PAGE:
but we are actually all winds
ever more than before
even ever more than before 
gaining 
speeding 
booming
towards future 
speeding
and redeeming laughters
and happiest laughters
Start page JUMO | Code for America | good.is |
“If you want to free a society, just give them internet access. Because people, the young guys, you know, are all going to go out and see biased media, see the truth about other nations and their own nation and they’re going to be able to contribute and collaborate together.”

The walls along the American University of Cairo (AUC) and the adjoining Tahrir Square narrate a compelling story of the Egyptian uprising. Stirring images depict the lofty and idealistic aspirations of the Egyptian youth and mourn the loss of those who fell during the course of the revolution. Street art has become a means to voice aspirations for a new era of freedom.
An image of Mubarak as both politician and general by noted painter, Omar Fahmi, has already acquired iconic stature. Situated at the corner of the Mohamed Mahmood Street that leads towards the AUC, the image rejects both Mubarak the dictator and the military clique that anchored his dictatorship. The role of women in the revolution’s success is recognised by a mural showing them in Pharaohnic attire with arms raised. But the one that catches the eye is the tribute to those killed; a painting of young men with angel’s wings. Khalid Said, whose custodial death in Alexandria sparked the uprising, is portrayed as is Ramy Sharkawi, the 28-year old graphic designer who was shot dead at Tahrir Square. (June 16 2012, Atul Aneja, The Hindu)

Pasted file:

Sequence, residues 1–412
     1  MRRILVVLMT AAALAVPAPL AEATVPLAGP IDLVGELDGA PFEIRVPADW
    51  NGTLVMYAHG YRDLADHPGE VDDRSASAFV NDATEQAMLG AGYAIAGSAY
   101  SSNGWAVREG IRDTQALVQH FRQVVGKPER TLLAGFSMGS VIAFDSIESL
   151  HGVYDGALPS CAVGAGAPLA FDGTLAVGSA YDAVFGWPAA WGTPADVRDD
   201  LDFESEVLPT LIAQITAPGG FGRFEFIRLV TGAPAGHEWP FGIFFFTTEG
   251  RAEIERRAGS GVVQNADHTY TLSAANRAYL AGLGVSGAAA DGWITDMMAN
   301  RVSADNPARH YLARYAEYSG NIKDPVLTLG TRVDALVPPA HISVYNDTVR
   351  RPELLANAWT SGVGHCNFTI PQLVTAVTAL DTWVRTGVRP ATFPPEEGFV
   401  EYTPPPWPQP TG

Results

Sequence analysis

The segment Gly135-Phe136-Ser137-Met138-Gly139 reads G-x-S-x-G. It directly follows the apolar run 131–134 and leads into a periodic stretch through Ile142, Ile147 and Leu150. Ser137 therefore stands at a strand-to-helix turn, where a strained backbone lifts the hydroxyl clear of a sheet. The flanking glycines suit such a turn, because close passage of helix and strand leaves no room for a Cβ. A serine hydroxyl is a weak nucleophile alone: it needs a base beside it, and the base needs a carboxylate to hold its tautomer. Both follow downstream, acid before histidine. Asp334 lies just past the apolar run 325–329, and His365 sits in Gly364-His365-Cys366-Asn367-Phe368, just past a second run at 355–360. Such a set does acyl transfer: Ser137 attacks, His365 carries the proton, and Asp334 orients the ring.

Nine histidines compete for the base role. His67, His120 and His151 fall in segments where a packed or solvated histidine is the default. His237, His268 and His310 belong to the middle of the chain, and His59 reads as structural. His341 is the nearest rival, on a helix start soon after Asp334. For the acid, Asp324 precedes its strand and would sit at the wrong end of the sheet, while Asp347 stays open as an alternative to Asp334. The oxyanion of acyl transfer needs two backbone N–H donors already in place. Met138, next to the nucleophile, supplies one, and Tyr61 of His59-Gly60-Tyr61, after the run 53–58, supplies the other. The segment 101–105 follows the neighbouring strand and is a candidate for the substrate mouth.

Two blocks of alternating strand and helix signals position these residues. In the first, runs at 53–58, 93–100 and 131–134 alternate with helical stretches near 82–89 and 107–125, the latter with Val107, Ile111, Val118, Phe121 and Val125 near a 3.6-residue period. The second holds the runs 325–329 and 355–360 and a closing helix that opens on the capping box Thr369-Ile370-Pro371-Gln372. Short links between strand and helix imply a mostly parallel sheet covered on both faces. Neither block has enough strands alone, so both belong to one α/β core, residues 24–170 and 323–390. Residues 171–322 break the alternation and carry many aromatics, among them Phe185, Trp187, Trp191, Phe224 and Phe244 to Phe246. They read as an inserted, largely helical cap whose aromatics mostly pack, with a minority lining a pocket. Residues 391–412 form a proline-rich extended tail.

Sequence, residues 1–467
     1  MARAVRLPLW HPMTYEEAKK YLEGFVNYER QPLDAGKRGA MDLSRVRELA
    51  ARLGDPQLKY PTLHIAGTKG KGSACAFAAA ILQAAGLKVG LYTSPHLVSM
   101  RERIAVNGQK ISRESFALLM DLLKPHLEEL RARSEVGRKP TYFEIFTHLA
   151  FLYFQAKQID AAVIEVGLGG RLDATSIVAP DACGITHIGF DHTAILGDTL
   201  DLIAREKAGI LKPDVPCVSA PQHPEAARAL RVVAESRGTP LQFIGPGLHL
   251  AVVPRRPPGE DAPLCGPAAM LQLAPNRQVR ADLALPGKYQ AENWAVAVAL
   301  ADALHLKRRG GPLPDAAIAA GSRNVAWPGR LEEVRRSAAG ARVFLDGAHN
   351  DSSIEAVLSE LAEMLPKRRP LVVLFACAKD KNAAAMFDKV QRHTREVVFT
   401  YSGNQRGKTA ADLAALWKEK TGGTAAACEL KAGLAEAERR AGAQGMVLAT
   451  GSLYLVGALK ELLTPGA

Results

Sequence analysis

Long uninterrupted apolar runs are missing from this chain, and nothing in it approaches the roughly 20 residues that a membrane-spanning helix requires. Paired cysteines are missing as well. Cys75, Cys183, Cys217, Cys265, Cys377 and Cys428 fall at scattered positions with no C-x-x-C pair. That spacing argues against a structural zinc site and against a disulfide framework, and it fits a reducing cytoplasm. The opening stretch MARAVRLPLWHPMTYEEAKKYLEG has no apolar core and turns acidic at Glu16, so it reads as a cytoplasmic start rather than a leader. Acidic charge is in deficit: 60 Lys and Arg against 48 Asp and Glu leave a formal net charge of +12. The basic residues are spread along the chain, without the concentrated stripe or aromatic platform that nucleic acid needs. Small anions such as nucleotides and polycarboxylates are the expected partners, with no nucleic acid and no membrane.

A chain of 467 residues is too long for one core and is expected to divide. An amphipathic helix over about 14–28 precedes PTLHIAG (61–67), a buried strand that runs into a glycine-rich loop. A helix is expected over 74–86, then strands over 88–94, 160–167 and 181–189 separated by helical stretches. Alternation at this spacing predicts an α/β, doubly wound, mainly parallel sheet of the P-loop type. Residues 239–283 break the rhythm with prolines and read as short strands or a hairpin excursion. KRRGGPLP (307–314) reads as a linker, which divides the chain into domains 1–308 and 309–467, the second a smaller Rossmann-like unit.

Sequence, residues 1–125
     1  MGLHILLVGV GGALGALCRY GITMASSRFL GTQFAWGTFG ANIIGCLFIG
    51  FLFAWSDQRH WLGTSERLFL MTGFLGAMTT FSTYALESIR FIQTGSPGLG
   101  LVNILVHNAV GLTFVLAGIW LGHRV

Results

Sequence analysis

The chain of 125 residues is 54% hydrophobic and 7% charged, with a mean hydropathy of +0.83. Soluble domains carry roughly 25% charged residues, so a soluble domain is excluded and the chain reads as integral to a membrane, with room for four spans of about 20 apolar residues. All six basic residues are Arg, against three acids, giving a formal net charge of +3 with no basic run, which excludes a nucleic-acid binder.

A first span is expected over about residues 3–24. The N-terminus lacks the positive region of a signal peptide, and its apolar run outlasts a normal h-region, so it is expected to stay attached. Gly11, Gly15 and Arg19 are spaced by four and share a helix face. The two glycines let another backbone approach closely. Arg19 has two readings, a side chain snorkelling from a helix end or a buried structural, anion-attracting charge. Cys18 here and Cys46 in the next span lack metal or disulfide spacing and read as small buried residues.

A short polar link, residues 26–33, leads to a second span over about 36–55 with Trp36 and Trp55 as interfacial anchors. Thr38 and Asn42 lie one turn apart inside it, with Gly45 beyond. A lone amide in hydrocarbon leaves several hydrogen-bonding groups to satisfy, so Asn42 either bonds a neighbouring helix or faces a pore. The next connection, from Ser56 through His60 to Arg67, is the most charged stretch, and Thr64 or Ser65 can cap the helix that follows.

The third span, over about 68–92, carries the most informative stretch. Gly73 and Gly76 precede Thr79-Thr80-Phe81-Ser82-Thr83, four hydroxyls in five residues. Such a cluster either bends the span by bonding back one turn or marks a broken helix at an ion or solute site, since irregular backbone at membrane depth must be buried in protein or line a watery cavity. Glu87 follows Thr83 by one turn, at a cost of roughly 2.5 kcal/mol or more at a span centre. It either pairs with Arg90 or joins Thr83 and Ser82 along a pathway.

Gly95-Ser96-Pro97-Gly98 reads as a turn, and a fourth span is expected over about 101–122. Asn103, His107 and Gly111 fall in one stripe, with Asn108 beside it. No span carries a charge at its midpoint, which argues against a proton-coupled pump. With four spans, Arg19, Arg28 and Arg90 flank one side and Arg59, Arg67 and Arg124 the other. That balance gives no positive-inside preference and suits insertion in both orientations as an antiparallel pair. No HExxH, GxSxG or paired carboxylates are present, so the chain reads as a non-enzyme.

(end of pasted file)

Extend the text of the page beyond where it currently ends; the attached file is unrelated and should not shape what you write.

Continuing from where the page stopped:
The walls along the American University of Cairo (AUC) and the adjoining Tahrir Square narrate a compelling story of the Egyptian uprising. Stirring images depict the lofty and idealistic aspirations of the Egyptian youth and mourn the loss of those who fell during the course of the revolution. Street art has become a means to voice aspirations for a new era of freedom.

An image of Mubarak as both politician and general by noted painter, Omar Fahmi, has already acquired iconic stature. Situated at the corner of the Mohamed Mahmood Street that leads towards the AUC, the image rejects both Mubarak the dictator and the military clique that anchored his dictatorship. The role of women in the revolution’s success is recognised by a mural showing them in Pharaohnic attire with arms raised. But the one that catches the eye is the tribute to those killed; a painting of young men with angel’s wings. Khalid Said, whose custodial death in Alexandria sparked the uprising, is portrayed as is Ramy Sharkawi, the 28-year old graphic designer who was shot dead at Tahrir Square. (June 16 2012, Atul Aneja, The Hindu)